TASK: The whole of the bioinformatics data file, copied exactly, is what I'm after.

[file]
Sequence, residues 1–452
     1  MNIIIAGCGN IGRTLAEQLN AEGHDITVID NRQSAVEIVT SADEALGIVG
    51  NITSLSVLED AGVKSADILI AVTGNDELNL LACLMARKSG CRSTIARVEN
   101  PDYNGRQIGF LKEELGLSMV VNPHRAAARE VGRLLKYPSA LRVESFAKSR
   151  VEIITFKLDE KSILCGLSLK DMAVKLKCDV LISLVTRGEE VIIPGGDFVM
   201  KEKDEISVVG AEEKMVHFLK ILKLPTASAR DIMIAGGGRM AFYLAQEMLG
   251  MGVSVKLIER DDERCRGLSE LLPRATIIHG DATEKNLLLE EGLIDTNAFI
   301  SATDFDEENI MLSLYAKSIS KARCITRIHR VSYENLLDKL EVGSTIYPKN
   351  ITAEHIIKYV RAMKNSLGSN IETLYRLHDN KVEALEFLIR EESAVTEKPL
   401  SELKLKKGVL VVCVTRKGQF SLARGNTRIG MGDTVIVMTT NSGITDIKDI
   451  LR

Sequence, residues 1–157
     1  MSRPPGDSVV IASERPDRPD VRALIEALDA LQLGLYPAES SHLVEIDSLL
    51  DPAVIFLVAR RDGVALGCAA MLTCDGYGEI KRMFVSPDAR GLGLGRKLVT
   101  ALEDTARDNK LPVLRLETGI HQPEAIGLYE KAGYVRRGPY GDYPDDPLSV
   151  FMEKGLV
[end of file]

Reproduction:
Sequence, residues 1–452
     1  MNIIIAGCGN IGRTLAEQLN AEGHDITVID NRQSAVEIVT SADEALGIVG
    51  NITSLSVLED AGVKSADILI AVTGNDELNL LACLMARKSG CRSTIARVEN
   101  PDYNGRQIGF LKEELGLSMV VNPHRAAARE VGRLLKYPSA LRVESFAKSR
   151  VEIITFKLDE KSILCGLSLK DMAVKLKCDV LISLVTRGEE VIIPGGDFVM
   201  KEKDEISVVG AEEKMVHFLK ILKLPTASAR DIMIAGGGRM AFYLAQEMLG
   251  MGVSVKLIER DDERCRGLSE LLPRATIIHG DATEKNLLLE EGLIDTNAFI
   301  SATDFDEENI MLSLYAKSIS KARCITRIHR VSYENLLDKL EVGSTIYPKN
   351  ITAEHIIKYV RAMKNSLGSN IETLYRLHDN KVEALEFLIR EESAVTEKPL
   401  SELKLKKGVL VVCVTRKGQF SLARGNTRIG MGDTVIVMTT NSGITDIKDI
   451  LR

Sequence, residues 1–157
     1  MSRPPGDSVV IASERPDRPD VRALIEALDA LQLGLYPAES SHLVEIDSLL
    51  DPAVIFLVAR RDGVALGCAA MLTCDGYGEI KRMFVSPDAR GLGLGRKLVT
   101  ALEDTARDNK LPVLRLETGI HQPEAIGLYE KAGYVRRGPY GDYPDDPLSV
   151  FMEKGLV